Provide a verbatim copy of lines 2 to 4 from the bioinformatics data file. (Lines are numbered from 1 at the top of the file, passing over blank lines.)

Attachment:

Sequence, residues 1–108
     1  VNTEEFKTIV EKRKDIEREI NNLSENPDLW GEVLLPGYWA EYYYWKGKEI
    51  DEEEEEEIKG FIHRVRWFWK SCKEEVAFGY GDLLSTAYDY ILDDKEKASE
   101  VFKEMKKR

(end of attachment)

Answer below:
     1  VNTEEFKTIV EKRKDIEREI NNLSENPDLW GEVLLPGYWA EYYYWKGKEI
    51  DEEEEEEIKG FIHRVRWFWK SCKEEVAFGY GDLLSTAYDY ILDDKEKASE
   101  VFKEMKKR